With all the chatter about the ups and downs of charitable giving during the down economy, it’s refreshing to hear some definitive - and positive - news. According to the 2009 Giving in Numbers Report, released this week by the Committee Encouraging Corporate Philanthropy (CECP), corporate giving was actually up during 2007-2008, despite worries that corporations would back down from charitable commitments as the economic turmoil raged in the second half of the year. What’s more, the data show that companies got creative when the economy started to sink, opting for pro bono work and skills-based volunteerism instead of simply backing down from their social commitments. In fact, the Wall Street Journal this week profiled how four chief executives at leading companies are rethinking their philanthropic strategies.
Other key findings from the CECP report include:
A majority (51%) of companies surveyed increased giving from 2007 to 2008 despite 68 percent experiencing profit declines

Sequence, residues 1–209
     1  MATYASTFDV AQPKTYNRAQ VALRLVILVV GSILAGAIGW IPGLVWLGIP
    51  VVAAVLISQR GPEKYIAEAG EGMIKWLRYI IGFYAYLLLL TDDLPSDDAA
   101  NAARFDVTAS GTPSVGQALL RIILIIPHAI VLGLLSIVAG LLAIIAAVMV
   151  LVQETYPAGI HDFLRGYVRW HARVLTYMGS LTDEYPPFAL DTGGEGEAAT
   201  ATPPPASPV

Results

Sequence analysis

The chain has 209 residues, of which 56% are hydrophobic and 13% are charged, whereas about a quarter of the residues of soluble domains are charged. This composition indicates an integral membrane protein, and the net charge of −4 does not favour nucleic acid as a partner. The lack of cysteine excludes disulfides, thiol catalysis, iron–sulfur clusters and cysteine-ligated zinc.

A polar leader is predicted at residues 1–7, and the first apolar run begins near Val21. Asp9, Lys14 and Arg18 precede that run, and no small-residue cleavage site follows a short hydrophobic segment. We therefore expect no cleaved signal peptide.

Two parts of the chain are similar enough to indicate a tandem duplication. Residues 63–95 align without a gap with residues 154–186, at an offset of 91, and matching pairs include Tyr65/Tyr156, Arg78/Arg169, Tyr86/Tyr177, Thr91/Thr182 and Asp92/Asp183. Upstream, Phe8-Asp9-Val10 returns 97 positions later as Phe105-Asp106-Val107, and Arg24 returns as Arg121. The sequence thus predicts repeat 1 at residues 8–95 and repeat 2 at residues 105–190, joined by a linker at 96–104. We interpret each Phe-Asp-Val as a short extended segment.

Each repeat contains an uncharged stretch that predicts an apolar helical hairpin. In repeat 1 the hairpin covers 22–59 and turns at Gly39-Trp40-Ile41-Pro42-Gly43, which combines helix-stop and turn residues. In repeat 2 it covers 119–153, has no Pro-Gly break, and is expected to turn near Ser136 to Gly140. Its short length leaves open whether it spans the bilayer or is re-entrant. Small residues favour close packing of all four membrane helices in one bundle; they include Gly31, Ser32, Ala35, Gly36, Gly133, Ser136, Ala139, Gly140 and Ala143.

Among Fortune 100 companies, who experienced greater-than-average profit declines, 60 percent increased giving from 2007 to 2008
Of companies surveyed, a full 91 percent report having an employee matching-gift program
Ninety-four percent of survey respondents have at least one formal domestic volunteerism program and 49 percent of respondents have at least one formal international volunteer program
The median number of pro bono time donated was 1,080 hours by companies that reported having such programs
Consistent with past years, 86 percent of companies report having a corporate foundation
To download the full report for free, visit CECP’s Web site.